The Confucius Institute at Colorado State has a mission to promote scientific research on water resources and environmental sustainability. CICSU distributes its results to scholars worldwide to address water resource and environmental challenges that China and other developing countries face, exploring the sustainable development of water resources and the environment affecting global change.
By establishing CICSU with a focus on water resources and environmental sustainability as well as promoting Chinese language and culture, CICSU is a platform for the development of expertise and communication between American and Chinese scientists and engineers, dedicated to the sustainable development of natural resources.
The Center for Collaborative Conservation was created to make university research and education fully relevant to conservation practice. Its mission: to help create innovative and lasting conservation solutions for people and nature through collaboration.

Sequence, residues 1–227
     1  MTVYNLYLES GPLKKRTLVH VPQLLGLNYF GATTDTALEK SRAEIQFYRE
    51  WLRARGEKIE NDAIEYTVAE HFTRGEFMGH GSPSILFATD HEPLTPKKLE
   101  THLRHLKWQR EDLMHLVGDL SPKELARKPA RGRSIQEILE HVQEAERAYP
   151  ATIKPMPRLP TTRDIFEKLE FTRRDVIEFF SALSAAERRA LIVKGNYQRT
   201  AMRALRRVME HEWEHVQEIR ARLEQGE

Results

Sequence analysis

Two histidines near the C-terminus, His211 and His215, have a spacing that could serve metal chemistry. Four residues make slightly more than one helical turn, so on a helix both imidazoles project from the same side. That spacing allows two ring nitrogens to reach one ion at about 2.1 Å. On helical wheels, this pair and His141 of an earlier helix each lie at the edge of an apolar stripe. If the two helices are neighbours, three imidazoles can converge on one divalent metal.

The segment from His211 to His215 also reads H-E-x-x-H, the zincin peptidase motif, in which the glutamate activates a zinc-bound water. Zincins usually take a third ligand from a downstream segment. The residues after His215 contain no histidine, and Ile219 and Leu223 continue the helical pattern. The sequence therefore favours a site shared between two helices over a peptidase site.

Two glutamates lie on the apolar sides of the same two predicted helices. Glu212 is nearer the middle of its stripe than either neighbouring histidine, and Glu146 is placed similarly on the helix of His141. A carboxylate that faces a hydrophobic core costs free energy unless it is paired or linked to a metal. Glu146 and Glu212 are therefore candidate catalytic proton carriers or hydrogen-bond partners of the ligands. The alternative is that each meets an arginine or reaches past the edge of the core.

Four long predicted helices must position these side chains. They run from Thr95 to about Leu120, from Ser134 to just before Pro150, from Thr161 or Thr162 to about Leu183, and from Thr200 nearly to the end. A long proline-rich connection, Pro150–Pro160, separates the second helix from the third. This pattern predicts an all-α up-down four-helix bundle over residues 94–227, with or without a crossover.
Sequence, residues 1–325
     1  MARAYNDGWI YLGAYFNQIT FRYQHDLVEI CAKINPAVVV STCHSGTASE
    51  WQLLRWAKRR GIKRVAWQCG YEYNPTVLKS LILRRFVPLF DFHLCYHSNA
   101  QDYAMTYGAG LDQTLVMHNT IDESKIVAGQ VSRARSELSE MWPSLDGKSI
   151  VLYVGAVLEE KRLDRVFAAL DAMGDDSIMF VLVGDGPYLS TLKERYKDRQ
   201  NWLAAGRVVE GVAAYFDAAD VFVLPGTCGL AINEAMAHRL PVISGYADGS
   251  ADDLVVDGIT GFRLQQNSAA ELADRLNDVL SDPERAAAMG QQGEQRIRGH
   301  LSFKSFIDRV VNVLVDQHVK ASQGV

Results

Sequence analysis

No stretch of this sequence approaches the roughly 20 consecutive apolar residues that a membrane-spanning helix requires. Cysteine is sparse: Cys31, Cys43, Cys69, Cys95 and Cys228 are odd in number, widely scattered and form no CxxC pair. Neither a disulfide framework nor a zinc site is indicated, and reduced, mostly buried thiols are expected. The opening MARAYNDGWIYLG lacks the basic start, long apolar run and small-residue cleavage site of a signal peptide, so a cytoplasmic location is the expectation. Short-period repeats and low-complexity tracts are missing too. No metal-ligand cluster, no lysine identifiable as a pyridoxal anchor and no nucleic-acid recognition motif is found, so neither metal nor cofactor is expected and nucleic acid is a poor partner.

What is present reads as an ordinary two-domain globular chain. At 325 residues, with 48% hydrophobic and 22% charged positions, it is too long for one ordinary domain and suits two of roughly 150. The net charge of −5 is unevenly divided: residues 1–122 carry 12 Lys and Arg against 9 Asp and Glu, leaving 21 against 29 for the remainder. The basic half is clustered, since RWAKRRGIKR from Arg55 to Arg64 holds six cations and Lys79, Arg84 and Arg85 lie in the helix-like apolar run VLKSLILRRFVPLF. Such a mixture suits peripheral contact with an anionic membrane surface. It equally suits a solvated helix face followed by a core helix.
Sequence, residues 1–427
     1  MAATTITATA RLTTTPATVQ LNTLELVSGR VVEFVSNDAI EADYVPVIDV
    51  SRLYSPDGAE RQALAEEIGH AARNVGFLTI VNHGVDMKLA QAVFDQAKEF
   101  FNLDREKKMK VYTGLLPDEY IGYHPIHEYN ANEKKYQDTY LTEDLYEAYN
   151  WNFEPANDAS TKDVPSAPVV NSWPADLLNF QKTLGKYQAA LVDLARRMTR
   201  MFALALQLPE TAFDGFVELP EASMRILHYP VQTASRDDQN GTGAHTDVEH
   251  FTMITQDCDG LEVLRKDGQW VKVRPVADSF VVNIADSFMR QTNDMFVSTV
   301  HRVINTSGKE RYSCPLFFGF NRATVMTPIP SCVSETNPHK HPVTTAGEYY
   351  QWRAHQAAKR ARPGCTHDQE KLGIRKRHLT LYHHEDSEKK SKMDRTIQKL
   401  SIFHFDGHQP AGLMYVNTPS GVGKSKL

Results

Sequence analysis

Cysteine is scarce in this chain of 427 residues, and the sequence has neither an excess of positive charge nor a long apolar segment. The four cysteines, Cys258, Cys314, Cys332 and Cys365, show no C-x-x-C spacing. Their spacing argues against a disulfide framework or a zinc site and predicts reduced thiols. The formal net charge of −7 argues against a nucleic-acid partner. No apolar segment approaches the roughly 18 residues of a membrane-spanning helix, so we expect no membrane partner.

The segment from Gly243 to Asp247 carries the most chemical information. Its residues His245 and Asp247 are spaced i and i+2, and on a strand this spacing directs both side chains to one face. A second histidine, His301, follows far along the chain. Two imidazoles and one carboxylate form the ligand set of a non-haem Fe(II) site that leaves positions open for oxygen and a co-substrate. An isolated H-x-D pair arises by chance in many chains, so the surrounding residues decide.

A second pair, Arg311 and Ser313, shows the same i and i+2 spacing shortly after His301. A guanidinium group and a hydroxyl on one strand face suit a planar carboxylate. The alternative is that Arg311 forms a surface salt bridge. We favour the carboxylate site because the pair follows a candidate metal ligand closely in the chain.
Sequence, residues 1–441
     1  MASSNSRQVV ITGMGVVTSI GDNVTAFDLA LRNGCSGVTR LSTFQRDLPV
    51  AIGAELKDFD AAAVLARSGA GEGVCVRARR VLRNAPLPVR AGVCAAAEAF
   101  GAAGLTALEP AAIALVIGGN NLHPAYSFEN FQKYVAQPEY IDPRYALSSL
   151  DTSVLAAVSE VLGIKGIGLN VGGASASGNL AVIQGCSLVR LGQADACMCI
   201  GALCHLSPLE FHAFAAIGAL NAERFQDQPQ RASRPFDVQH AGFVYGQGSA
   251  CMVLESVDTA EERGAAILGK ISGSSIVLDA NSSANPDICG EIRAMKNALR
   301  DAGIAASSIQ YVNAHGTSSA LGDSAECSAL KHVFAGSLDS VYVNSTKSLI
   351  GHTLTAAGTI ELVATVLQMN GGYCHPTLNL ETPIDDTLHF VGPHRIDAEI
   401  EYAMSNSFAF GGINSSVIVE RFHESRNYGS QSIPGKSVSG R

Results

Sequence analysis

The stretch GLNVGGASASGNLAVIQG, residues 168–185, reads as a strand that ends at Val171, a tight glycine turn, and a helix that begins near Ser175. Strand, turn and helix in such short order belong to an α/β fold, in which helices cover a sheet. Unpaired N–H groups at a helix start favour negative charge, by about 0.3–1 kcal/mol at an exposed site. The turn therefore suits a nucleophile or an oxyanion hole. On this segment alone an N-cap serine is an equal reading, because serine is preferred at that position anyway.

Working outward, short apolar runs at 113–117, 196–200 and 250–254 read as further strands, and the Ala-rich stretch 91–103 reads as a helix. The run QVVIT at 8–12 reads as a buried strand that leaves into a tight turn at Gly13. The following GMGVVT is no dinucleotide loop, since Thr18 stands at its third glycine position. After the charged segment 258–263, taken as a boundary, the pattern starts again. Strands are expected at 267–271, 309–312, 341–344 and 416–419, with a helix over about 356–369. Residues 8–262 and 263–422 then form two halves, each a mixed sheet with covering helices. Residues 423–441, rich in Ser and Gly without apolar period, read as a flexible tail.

The Center's approach is to transform conservation into a uniting force through collaboration. It accomplishes this through its work in three focus areas: Education, Research, and Practice. Using collaboration to exchange resources, expertise, and experience creates opportunities for achieving conservation goals at a larger scale and that represent the needs of diverse stakeholders.
The Center for Fair and Alternative Trade (CFAT) is a multidisciplinary research center. Its mission is to provide objective and in-depth analysis of market-based social change that supports the growth of the conscious consumer economy in the 21st century. Rather than engage in advocacy, the center seeks to advance the quest for social justice and sustainability by providing critical and scholarly studies of fair trade, alternative trade, product certification, worker rights, and other promising initiatives.Learn More »